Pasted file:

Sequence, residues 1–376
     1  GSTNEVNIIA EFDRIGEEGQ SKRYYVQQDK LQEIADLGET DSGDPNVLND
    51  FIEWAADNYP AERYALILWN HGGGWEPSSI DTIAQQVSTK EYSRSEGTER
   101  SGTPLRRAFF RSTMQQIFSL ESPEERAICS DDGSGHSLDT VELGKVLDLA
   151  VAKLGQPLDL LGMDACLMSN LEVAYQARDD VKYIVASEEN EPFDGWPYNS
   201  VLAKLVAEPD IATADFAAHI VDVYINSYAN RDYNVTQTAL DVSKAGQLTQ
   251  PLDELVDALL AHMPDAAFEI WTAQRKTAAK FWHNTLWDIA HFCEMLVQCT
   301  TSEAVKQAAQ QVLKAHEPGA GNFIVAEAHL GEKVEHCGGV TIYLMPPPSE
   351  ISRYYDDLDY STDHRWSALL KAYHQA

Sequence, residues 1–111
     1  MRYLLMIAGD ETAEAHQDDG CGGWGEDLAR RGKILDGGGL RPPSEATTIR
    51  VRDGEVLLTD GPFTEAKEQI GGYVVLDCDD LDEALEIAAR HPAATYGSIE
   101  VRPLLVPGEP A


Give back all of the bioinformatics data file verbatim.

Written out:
Sequence, residues 1–376
     1  GSTNEVNIIA EFDRIGEEGQ SKRYYVQQDK LQEIADLGET DSGDPNVLND
    51  FIEWAADNYP AERYALILWN HGGGWEPSSI DTIAQQVSTK EYSRSEGTER
   101  SGTPLRRAFF RSTMQQIFSL ESPEERAICS DDGSGHSLDT VELGKVLDLA
   151  VAKLGQPLDL LGMDACLMSN LEVAYQARDD VKYIVASEEN EPFDGWPYNS
   201  VLAKLVAEPD IATADFAAHI VDVYINSYAN RDYNVTQTAL DVSKAGQLTQ
   251  PLDELVDALL AHMPDAAFEI WTAQRKTAAK FWHNTLWDIA HFCEMLVQCT
   301  TSEAVKQAAQ QVLKAHEPGA GNFIVAEAHL GEKVEHCGGV TIYLMPPPSE
   351  ISRYYDDLDY STDHRWSALL KAYHQA

Sequence, residues 1–111
     1  MRYLLMIAGD ETAEAHQDDG CGGWGEDLAR RGKILDGGGL RPPSEATTIR
    51  VRDGEVLLTD GPFTEAKEQI GGYVVLDCDD LDEALEIAAR HPAATYGSIE
   101  VRPLLVPGEP A